I used to wonder. I wondered how all those people good at networking got that way. Did someone teach them? Or were they born with the talent to glad-hand and make it look as if they cared more about you than they did about getting your business?
My first exposure to networking (which I thought of as some phony form of self-marketing) came long ago. Groups with names like “wealth-builders” and “success networks” made the networking groups I tried out seem multi-level oriented just by nature of their names. Not a social butterfly to begin with, I had to learn some rules of the game: (1) Grab some food first or it may be gone before you know it. (2) Get a drink of some kind to occupy one of your hands so that you don’t look like a dork (3) it’s okay to approach three people conversing casually, but when two looked steeped in discussion, wait for a break before you walk up (5) take LOTS of business cards but don’t shove them at people and, (4) Treat someone’s business card with respect. Never set it down on the buffet table to fill your plate. You could forget it there and that person just might be behind you in line.
Because it all seemed so contrived, I didn’t stay long in those groups. Elevator speeches, speed networking, conversing with people whose businesses held no interest for me – it all just seemed either out of my comfort zone or a waste of my time and money. But even though those groups may not have represented the model of networking suited to my personality, I realize now I should have given them more of a chance. I should have frequented the meetings more, extended myself to the members more and taken the time to get to know people. Why? Because I realize now that networking is more about making friends first. Doing business together someday is actually the icing on the cake.
When you think about it, why do we refer business to other people? Is it because we like them from the first hello, or because we have had experience with them? How do they gain our trust to begin with?
We recently had a kind of forced remodel done on our home. An upstairs toilet overflowed and its automatic threshold for stopping the water failed to operate. Gone all weekend, we returned to a downstairs master bedroom whose walls looked like a Salvador Dali painting, water cascading behind bubbled-up paint. Our carpet was soaked. And because the insurance company deemed it a ‘blackwater’ contamination, most of our house had to have drywall ripped out, carpeting replaced and painting re-done. It was a disaster. Huge dehumidifying machines were placed all over the house as it emptied of our belongings and we took up residence at a nearby apartment.
Without going into the details of the parade of companies and workers we were steered to by both our insurance company and by well-meaning friends, we now have a clear idea of who we’d want back in our house for future work. One restoration contractor forgot about us and the next one jumped through hoops to please us. One set of painters was incredibly precise and talented. Another set, hired to do work the insurance company did not pay for, were sloppy, even though they came highly recommended by people who had used them religiously and were told we may use them for future projects. It made us realize that one person’s idea of great work evidently doesn’t jive with another’s.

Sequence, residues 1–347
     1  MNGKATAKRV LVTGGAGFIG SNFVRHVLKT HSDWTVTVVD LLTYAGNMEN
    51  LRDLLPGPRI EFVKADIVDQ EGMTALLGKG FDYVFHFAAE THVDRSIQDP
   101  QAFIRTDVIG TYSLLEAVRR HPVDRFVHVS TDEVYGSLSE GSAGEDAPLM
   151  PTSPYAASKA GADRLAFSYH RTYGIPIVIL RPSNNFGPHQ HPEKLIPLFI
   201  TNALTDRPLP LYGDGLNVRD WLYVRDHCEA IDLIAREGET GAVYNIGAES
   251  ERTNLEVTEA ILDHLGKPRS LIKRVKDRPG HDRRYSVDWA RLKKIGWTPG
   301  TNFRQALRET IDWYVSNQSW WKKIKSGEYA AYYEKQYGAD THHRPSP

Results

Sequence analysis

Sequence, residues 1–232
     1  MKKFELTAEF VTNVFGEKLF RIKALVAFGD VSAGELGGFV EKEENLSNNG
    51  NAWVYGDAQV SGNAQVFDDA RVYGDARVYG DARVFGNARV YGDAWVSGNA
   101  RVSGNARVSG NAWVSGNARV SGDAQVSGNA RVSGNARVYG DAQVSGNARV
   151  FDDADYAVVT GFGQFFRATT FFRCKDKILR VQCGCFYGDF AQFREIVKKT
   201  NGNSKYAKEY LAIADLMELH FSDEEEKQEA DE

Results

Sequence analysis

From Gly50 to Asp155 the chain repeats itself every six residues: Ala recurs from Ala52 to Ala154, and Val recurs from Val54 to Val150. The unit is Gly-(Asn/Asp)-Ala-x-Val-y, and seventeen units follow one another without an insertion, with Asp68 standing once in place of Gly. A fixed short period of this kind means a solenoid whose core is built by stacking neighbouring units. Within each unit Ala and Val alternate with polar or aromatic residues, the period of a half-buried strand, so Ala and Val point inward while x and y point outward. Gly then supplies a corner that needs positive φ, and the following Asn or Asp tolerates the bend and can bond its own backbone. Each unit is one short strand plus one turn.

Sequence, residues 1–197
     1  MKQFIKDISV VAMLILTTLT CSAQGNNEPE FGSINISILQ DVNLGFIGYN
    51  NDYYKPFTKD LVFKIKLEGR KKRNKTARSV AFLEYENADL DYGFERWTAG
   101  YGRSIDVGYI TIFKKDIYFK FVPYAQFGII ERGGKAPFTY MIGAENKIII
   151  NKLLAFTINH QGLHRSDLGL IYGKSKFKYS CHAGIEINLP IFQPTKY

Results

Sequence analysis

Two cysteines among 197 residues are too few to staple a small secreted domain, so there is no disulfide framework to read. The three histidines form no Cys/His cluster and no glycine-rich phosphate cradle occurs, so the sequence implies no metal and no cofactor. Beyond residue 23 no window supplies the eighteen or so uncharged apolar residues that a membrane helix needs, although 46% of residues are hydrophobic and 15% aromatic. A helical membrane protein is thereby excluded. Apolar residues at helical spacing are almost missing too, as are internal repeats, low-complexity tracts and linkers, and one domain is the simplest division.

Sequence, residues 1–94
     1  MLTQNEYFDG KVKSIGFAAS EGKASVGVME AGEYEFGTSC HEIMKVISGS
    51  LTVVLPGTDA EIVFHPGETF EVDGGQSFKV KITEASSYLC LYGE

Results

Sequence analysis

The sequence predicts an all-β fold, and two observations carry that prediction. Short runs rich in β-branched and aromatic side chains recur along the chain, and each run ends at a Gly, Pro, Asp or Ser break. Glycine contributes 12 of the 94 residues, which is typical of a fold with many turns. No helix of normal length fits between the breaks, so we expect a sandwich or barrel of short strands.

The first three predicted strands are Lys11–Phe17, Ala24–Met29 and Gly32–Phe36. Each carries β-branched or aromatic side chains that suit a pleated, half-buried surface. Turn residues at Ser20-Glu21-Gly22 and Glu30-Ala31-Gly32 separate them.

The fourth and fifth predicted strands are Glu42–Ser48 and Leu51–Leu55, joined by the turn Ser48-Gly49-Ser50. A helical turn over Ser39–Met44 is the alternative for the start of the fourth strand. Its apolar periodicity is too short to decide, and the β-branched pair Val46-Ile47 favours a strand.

Now, before I will hire or recommend anyone, I try to do a bit of research – due diligence, so to speak. If I can’t find reviews on them online, I’ll ask them pointed questions about how they do their work, ask to see examples of it and test the level of communication between us. I want to think of that person, in the end, as a “friend with benefits” (but not in the popular translation of that phrase). I want him or her to occupy a place in my computer address book so I never forget the care with which they did their work, readily handy for another job. They need to earn my trust first and foremost. It is not until that point that I can, in good faith, give out their name to others. Why? Because the people I recommend reflect the trust others already have in me.
Which brings us back to networking. Just because someone belongs to your networking group doesn’t automatically mean he or she is the best in their line of work. Being members of the same group, however, means you are giving them a chance to earn your trust, just as you are hoping others will trust and believe in you. It gives you time to ‘pick their brains’ about what they do, see how they respond and communicate with you, and whether you are a good match to refer one another business, all in a non-threatening social environment.
I must say at this point that one should do his or her own homework before joining any networking group. The culture is different in each one – the times they meet, the kinds of events they plan, the number of people in each line of work they permit to join – all of it plays into whether it’s the right group for you. You can sniff out ‘cliques’ right off the bat – people who have already formed ‘good-ole-boy’ networks you may never permeate within that group. If the group doesn’t permit you to attend their meetings as a guest for a while, I would have some suspicions about how welcoming it would be to a new member.
So I finally get it. I realize now that all I need to do is relax, be myself and make friends and if I earn the respect of people in my group, the rest will follow in “build it and they will come” fashion. Why did I ever think this was all so difficult? I guess it was all in my head.